Many cytoplasmic enzymes and components of the flagellum were also identified; flagella have previously been detected in outer membrane vesicles of L. interrogans . Some proteins may also be transiently located in the outer membrane or complexed with outer membrane proteins and therefore, strict single location may not be the case for a number of proteins. Chaperones in particular are predominantly located in the cytoplasm, but under certain conditions can be membrane-associated in order to assist folding of soluble and membrane proteins. GroEL, GrpE, HtpG, Hsp70 (DnaK) and many other chaperones or heat shock proteins which have been annotated as cytoplasmic proteins were detected in our samples. Notably, GroEL has been shown to be located on the surface of lipid bilayers . Small heat shock proteins together with GroEL may function as a ‘membrane stabilizing factor’ as well as part of a multi-chaperone protein-folding network during thermal stress .
Effects of temperature upshift on protein expression
The relative abundance of each of the proteins between the different temperature conditions (but not different proteins within the same sample) was measured by iTRAQ analysis. Proteins with an expression difference of at least 1.5-fold (50% change in abundance) with 95% confidence between the two temperature conditions were considered to be up- or down-regulated. Of the 1026 proteins identified in our samples, the majority (91%) exhibited no statistically significant change in abundance, while 27 were up-regulated and 66 were down-regulated upon 37°C upshift (Tables 2 and 3 respectively). Consistent with the high proportion of uncharacterized genes in Leptospira (50% of coding sequences in the serovar Lai genome), 44% of the differentially expressed proteins currently have no predicted function. This finding is also consistent with comparative genome analyses which suggest that the majority of pathogen-specific genes in Leptospira have no ascribed function and the hypothesis that pathogenic Leptospira possess unique virulence factors ,. Since the majority of identified proteins did not exhibit altered abundance at the two temperature conditions, these served as key internal controls for changes in protein expression as well as extraction efficiency between samples. Our data also correlate with expression profiles of previously characterized leptospiral proteins (see below), lending additional confidence to our results and conclusions. Interestingly, recent advances in proteomic analysis have enabled comparisons of the average absolute abundance values of different proteins across samples, and using this approach, it was found that while genes encoding hypothetical proteins comprise more than 40% of the L. interrogans genome, the proteins constitute only 12.7% of the total cellular proteins expressed in vitro .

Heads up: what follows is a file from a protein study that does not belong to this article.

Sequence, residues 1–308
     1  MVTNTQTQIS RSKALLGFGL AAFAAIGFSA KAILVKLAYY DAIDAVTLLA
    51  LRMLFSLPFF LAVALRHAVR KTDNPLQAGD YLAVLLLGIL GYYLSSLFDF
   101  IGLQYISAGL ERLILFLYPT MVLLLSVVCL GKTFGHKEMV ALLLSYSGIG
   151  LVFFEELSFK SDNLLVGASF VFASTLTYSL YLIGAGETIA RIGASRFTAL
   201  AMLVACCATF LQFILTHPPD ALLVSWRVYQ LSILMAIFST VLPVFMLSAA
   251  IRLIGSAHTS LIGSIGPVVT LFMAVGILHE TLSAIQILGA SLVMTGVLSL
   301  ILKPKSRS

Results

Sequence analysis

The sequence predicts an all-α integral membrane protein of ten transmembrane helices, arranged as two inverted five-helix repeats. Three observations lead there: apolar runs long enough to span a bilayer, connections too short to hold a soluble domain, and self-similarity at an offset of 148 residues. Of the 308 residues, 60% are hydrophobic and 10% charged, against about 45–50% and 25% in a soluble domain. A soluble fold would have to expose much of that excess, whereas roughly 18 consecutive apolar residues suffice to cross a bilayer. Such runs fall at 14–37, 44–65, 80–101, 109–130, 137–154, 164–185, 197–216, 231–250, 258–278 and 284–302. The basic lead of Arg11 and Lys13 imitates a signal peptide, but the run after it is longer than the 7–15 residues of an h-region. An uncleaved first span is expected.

Table 2. Proteins which were at least 1.5-fold up-regulated at 37°C upshift compared to 30°C grouped by COG category. The clusters of orthologous groupingsa (COGs)  are shown for each protein. The change in transcription at 37°C upshift versus 30°C is shown for comparison with the proteomic data.doi:10.1371/journal.pntd.0000560.t002
Table 3. Proteins which were at least 1.5-fold down-regulated at 37°C upshift compared to 30°C grouped by COG category. The COG category is shown for each protein. The change in transcription at 37°C upshift versus 30°C is shown for comparison with the proteomic data.doi:10.1371/journal.pntd.0000560.t003
Cell surface and membrane-associated proteins